In fact, you could say that there are two paths that the GOP nominee is going down. One is that he is creating the ultimate oligarchy, as six of his nominees to prominent positions in his cabinet have donated $12 million to his campaign. You could also say that the GOP nominee is forming a military junta, as he continues to fill major spots in his organization with people with lifelong military backgrounds, including former Marine Corps generals John Kelly (Homeland Security) and James Mattis (Defense), both positions that have traditionally been put in the hands of civilian oversight (Flynn is also a former general and Bannon has a military background).

And we’re supposed to give this a chance?

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The problem is that, once the process begins for those that require Congressional approval, there’s virtually nothing that can stop it. Due to the stupidity of the Democratic Party back in 2014 when they blew up the procedures to push through lower federal court justices, the GOP now just has to have 51 votes to end filibusters on Presidential appointees (this applies to everything outside of the Supreme Court) and move to a vote. When it was for their own good, the Democratic leadership was all for this change. Now it comes back to bite them in the ass.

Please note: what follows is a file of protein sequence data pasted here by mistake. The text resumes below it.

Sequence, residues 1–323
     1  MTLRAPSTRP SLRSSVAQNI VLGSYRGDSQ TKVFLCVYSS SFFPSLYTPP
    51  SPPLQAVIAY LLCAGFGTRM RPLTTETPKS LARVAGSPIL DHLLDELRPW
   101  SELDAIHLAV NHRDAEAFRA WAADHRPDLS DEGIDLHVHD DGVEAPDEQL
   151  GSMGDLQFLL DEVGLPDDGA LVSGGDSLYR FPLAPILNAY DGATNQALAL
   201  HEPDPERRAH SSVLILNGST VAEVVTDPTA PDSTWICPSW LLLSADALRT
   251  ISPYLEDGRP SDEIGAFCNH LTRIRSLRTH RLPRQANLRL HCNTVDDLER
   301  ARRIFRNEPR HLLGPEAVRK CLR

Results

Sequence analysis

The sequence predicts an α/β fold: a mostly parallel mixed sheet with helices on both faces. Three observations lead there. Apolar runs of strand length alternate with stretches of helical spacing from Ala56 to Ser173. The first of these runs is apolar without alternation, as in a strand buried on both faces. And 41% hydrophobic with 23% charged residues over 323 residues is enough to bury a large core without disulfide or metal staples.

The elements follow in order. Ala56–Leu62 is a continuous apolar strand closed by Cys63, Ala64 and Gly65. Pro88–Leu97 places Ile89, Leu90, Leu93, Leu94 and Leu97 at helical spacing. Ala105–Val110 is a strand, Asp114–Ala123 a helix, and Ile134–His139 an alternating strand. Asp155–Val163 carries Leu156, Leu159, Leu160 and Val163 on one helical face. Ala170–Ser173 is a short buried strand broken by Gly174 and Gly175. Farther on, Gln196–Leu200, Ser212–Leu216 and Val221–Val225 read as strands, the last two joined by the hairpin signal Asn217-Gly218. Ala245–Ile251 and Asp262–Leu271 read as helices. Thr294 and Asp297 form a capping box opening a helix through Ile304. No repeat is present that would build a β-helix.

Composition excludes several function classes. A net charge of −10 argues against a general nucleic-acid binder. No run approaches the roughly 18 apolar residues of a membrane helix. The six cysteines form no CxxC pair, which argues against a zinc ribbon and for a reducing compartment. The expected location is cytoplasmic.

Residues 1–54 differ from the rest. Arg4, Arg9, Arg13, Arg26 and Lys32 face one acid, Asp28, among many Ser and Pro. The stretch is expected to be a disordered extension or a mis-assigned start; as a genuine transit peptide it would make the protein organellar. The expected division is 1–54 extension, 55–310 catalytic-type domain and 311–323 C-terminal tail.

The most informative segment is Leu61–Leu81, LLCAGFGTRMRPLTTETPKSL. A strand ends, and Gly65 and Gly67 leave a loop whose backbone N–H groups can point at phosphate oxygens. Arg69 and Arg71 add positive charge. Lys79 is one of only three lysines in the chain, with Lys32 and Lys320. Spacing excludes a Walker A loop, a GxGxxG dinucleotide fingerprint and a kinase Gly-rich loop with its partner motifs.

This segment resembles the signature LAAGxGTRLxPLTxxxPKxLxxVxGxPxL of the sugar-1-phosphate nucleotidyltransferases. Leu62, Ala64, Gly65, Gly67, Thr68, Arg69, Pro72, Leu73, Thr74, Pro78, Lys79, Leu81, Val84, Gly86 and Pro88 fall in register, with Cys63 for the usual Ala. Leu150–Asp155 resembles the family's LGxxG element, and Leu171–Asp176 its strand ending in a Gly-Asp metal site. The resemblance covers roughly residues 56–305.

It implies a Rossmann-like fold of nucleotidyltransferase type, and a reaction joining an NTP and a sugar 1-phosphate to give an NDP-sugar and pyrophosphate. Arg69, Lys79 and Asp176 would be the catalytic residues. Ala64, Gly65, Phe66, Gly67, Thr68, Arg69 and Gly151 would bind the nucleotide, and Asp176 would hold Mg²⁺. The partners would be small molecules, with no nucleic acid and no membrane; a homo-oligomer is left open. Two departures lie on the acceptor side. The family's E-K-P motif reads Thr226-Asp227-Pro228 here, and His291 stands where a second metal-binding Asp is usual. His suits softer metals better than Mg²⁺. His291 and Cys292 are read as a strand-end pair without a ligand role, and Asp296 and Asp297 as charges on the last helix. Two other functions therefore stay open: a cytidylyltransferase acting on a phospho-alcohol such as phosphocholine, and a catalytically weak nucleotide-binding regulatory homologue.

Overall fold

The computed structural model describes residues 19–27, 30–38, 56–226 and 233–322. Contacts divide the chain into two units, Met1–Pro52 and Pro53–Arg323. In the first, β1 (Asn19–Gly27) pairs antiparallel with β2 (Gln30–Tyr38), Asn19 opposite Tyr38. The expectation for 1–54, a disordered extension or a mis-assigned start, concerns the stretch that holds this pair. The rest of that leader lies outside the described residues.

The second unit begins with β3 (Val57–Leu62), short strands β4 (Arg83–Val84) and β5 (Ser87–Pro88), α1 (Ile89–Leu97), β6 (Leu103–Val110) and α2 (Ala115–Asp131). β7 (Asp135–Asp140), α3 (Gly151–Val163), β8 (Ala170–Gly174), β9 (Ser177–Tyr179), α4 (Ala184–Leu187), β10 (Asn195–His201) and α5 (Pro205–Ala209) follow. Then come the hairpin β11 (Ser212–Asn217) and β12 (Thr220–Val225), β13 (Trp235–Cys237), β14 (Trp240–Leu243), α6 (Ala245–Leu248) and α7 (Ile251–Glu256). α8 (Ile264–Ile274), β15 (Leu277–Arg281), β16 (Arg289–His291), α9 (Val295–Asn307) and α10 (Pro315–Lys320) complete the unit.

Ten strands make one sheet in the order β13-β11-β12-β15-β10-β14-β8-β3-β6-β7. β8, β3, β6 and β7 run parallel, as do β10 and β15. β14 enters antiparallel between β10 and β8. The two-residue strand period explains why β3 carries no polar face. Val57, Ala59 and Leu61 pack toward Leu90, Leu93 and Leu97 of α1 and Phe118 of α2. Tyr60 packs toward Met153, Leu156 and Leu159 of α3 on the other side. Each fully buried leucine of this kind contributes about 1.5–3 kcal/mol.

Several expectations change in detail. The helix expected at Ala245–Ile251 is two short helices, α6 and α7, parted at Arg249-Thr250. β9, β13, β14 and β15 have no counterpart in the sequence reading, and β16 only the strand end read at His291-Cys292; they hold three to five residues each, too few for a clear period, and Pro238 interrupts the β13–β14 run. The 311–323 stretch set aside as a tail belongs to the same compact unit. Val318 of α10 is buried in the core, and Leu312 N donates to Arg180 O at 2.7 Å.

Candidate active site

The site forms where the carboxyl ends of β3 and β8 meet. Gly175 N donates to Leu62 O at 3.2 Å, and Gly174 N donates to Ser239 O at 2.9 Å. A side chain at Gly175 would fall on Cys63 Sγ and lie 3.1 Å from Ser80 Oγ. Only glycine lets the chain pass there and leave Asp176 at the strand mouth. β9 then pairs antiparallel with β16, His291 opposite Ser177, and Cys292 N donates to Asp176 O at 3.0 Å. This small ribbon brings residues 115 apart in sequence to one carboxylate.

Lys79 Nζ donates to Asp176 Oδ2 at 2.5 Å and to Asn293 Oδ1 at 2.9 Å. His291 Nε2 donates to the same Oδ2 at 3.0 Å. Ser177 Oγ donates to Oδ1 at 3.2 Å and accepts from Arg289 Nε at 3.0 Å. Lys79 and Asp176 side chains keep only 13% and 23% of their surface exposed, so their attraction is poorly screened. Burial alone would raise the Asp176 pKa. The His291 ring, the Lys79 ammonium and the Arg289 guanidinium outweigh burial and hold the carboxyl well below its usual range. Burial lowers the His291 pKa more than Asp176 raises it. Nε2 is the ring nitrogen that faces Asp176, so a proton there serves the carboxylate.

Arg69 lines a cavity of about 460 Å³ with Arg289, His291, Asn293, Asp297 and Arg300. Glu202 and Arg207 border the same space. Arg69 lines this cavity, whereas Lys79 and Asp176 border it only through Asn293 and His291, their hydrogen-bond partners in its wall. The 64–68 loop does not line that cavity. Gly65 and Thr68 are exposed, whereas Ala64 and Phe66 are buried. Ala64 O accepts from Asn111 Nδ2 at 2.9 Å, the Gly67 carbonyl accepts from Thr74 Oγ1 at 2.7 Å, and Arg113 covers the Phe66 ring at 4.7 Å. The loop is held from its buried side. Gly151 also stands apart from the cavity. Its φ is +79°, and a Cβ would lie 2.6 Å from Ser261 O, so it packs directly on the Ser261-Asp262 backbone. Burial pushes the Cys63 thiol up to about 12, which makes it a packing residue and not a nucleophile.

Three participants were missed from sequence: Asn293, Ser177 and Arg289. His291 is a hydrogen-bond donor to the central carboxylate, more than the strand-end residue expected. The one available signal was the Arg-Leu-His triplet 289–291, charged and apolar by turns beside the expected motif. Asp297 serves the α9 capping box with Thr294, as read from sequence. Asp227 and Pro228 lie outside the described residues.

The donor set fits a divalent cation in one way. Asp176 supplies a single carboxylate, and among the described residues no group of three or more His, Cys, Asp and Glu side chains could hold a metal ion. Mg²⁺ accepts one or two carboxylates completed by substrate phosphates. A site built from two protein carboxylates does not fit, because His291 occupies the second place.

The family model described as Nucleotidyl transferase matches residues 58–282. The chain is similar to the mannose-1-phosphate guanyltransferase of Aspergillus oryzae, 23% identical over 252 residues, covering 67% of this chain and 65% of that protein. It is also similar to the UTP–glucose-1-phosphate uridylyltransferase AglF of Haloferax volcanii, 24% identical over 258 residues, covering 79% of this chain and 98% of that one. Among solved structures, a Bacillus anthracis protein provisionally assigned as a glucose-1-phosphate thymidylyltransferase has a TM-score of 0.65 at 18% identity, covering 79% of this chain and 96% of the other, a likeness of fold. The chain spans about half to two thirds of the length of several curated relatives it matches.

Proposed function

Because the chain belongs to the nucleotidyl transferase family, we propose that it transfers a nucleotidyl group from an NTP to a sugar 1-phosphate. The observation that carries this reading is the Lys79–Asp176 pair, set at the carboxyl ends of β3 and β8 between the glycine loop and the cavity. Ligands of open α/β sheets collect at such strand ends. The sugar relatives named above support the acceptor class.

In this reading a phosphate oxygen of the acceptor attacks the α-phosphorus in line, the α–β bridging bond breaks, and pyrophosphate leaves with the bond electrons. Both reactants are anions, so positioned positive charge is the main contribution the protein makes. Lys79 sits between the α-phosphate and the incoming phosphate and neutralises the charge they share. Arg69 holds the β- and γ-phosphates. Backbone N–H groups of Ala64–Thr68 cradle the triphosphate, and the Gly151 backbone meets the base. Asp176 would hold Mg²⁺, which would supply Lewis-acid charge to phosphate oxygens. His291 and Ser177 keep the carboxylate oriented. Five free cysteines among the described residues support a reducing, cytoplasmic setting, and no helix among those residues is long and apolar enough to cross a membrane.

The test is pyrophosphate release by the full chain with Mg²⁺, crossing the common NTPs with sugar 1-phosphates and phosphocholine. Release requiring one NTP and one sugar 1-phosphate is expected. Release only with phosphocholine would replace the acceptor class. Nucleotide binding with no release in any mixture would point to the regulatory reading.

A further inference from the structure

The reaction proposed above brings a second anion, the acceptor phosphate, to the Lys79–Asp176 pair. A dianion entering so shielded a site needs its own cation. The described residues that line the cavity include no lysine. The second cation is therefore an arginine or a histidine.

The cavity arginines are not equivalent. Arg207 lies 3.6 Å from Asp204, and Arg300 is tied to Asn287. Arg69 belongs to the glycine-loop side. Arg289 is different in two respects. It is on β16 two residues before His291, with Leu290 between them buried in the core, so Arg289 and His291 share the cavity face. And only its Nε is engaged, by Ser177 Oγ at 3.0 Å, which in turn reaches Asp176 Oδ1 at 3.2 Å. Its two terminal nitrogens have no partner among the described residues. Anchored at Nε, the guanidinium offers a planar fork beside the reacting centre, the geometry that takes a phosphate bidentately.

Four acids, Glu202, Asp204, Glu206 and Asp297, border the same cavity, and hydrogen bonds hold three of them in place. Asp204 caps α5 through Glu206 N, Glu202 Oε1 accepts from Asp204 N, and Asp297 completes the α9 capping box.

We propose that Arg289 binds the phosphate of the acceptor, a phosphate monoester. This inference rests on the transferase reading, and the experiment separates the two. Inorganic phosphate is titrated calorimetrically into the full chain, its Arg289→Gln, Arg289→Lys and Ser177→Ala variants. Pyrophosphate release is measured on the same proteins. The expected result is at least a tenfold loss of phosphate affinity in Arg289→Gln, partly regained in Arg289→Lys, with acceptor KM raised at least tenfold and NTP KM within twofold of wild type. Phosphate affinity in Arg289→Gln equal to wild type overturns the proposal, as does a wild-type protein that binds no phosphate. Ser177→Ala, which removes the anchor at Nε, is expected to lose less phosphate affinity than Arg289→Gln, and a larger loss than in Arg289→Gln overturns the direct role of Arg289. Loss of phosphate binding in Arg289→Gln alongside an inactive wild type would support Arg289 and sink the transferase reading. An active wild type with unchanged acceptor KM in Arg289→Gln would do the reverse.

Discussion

If there is to be a check on the GOP nominee’s ignorance of choices, some help is going to have to come from some of the “renegade” members of the GOP itself. Virtually every choice is unqualified to be in the spot they were picked for – quite like their prospective boss – and should receive a negative vote in their respective committees. That’s not going to happen, so the Democrats must pick their battles wisely if they are to enact some changes out of the GOP nominee’s festering cesspool. Otherwise, the symphony of destruction is warming up…

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Religious Freedom Doesn’t Give You the Right to Break the Law